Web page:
Multimedia journalism major debuts

Heidi Robitaille

Starting this semester, NMU will be offering a new multimedia journalism degree in place of the former electronic journalism major.

“The old electronic journalism major was mostly a major for students looking to report for broadcast media, and it served our students well for over a decade, but it was definitely time to update the major so our students can be prepared for web related jobs as well,” said Dwight Brady, Communications and Performance Studies (CAPS) professor.

Brady, along with Jim McCommons and Cate Terwilliger, professors from the English department, were all instrumental in implementing the degree shift.

“Previously, CAPS offered an electronic journalism major, and the English department had a print journalism minor, which still exists,” Terwilliger said. “Both programs were created in an age in which newspaper and television journalism were discrete, competing forms of newsgathering.

“That time is gone, and both departments realized that we needed to join forces to create a multimedia major that can prepare our students to also produce strong online journalism, whether their employer is a newspaper, a magazine or a television station – or, if they’re freelancing.”

The new multimedia journalism major has a greater concentration in journalism courses and is quite different from the former electronic journalism degree.

“Versatility is important to journalism grads competing for a dwindling number of newsroom jobs,” Terwilliger said. “In this new major, Northern students will learn not just reporting and writing, but how to produce journalism across multiple platforms; that should give them an edge as they look for jobs.”

The new major will be housed in the CAPS department.

“Jim and Cate and I have been talking about creating a major like this for quite some time,” Brady said. “We were able to make it happen because department heads, Ray Ventre in English and Jim Cantrill in CAPS, were so supportive of our ideas.”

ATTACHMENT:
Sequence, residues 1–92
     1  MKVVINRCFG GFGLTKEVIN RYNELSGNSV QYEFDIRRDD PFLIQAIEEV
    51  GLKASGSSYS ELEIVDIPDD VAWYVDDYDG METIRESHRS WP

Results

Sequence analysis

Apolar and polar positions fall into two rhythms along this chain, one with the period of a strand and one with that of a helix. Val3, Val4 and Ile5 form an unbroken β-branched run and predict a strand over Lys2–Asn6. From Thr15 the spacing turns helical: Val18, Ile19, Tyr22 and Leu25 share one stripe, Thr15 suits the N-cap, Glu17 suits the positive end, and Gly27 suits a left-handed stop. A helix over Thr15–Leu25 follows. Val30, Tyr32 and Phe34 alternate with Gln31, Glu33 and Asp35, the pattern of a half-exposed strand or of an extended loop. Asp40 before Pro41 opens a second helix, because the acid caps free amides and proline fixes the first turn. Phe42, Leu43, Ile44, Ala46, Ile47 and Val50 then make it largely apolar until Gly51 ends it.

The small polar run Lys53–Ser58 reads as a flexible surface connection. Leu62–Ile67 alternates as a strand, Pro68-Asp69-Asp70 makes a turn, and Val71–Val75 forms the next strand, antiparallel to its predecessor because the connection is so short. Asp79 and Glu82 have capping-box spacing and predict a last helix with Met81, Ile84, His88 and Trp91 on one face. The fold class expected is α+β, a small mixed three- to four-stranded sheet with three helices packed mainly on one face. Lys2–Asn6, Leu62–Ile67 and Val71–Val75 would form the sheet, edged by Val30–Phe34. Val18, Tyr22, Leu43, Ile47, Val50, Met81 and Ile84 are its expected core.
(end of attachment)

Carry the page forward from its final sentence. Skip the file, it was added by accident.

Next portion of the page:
Students will be taught how to write, research, film, edit and produce news stories for electronic media.

BC 200, introduction to Multimedia Journalism, is a new course added to the major where basic news reporting techniques for multiple media platforms will be taught, and BC 300, Advanced Multimedia Journalism, will focus on advanced research techniques to uncover information beyond what official sources provide.

EN 217, Newspaper Writing and Reporting is a prerequisite for both courses, and BC 200 is a prerequisite for BC 300.

“Students can still land jobs in traditional media, but this degree will help broaden their skills set,” Brady said. “This is important because many of the media job listings I see these days require experience with content management software and the ability to promote the content once it is in place.

“Students will definitely write and rewrite, but this major is also about researching and preparing content that is visually compelling and interactive.”

The new degree is expected to open more doors for careers in journalism and news publication.

“I think it was a good and necessary change,” said senior CAPS student Hannah Aho. “Electronic journalism focused too much on audio and visual and not enough on current media channels.

“I would take the new program because it focuses on media across the spectrum, not just the audio and visual aspect; technology is constantly evolving, and people primarily gather information via iPhones and social networking sites versus TV and radio.”

Graduates with a multimedia journalism degree can expect to find traditional news media jobs, along with nontraditional positions such as web development and other jobs that have yet to be created.

“Traditional media like print and broadcast are seeing steady declines in their audiences while the number of people turning to the web for news continues to grow,” Brady said. “Understanding this, we felt it was imperative that our curriculum reflect these changes within the industry.”